New Hampshire has a well-maintained, well-signed network of Interstate highways, U.S. highways, and state highways. State highway markers still depict the Old Man of the Mountain despite that rock formation’s demise in 2003. Several route numbers align with the same route numbers in neighboring states. State highway numbering does not indicate the highway’s direction. Major routes include:
- Interstate 89 runs northwest from near Concord to Lebanon on the Vermont border.
- Interstate 93 is the main Interstate highway in New Hampshire and runs north from Salem (on the Massachusetts border) to Littleton (on the Vermont border). I-93 connects the more densely populated southern part of the state to the Lakes Region and the White Mountains further to the north.
- Interstate 95 runs north-south briefly along New Hampshire’s seacoast to serve the city of Portsmouth, before entering Maine
- U.S. Route 1 runs north-south briefly along New Hampshire’s seacoast to the east of and paralleling I-95.
- U.S. Route 2 runs east-west through Coos County from Maine, intersecting Route 16, skirting the White Mountain National Forest passing through Jefferson and into Vermont.
- U.S. Route 3 is the longest numbered route in the state, and the only one to run completely through the state from the Massachusetts border to the Canadian border. It generally parallels Interstate 93. South of Manchester, it takes a more westerly route through Nashua. North of Franconia Notch, U.S. 3 takes a more easterly route, before terminating at the Canadian border.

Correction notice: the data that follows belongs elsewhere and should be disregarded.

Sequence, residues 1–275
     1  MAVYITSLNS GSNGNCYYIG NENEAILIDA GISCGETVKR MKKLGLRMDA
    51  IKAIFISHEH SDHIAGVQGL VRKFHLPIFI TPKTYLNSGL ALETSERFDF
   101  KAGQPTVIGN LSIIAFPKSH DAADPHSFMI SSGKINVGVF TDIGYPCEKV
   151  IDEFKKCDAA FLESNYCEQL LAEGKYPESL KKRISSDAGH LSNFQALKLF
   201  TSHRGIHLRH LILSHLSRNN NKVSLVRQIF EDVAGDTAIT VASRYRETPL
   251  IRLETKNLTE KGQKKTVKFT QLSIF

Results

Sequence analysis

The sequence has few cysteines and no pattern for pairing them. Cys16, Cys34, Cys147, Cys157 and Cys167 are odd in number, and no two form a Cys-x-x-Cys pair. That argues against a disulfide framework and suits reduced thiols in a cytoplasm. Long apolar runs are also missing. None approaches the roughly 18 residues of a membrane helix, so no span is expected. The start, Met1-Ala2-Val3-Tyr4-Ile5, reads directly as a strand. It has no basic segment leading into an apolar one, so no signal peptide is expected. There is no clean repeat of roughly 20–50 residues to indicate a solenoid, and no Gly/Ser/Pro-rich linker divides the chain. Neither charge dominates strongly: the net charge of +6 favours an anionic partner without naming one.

- U.S. Route 4 terminates at the Portsmouth Traffic Circle and runs east-west across the southern part of the state connecting Durham, Concord, Boscawen and Lebanon.
- New Hampshire Route 16 is a major north-south highway in the eastern part of the state that generally parallels the border with Maine, eventually entering Maine as Maine Route 16. The southernmost portion of NH 16 is a four-lane freeway, co-signed with U.S. Route 4.
- New Hampshire Route 101 is a major east-west highway in the southern part of the state that connects Keene with Manchester and the Seacoast region. East of Manchester, NH 101 is a four-lane, limited access highway that runs to HamptonBeach and I-95.
New Hampshire has 25 public-use airports, four of which have scheduled commercial passenger service. The busiest airport by number of passengers handled is Manchester-Boston Regional Airport in Manchester and Londonderry, which serves the Greater Boston metropolitan area.
Further information: List of airports in New Hampshire
Long-distance intercity passenger rail service is provided by Amtrak’s Vermonter and Downeaster lines.
As of 2009, Boston-centered MBTA Commuter Rail services reach only as far as northern Massachusetts. The New Hampshire Rail Transit Authority is working to extend “Capital Corridor” service from Lowell, Massachusetts to Nashua, Concord, and Manchester, including Manchester-Boston Regional Airport; and “Coastal Corridor” service from Haverhill, Massachusetts, to Plaistow, New Hampshire. Legislation in 2007 created the New Hampshire Rail Transit Authority (NHRTA) with the goal of overseeing the development of commuter rail in the state of New Hampshire. In 2011, Governor John Lynch vetoed HB 218, a bill passed by Republican lawmakers, which would have drastically curtailed the powers and responsibilities of NHRTA.
Eleven public transit authorities operate local and regional bus services around the state, and eight private carriers operate express bus services which link with the national intercity bus network. The New Hampshire Department of Transportation operates a statewide ride-sharing match service, in addition to independent ride matching and guaranteed ride home programs.
Tourist railroads include the Conway Scenic Railroad, Hobo-Winnipesaukee Railroad, and the Mount Washington Cog Railway.
Freight railways in New Hampshire include Pan Am Railways, the New England Central Railroad, the St. Lawrence and Atlantic Railroad, and New Hampshire Northcoast Corporation.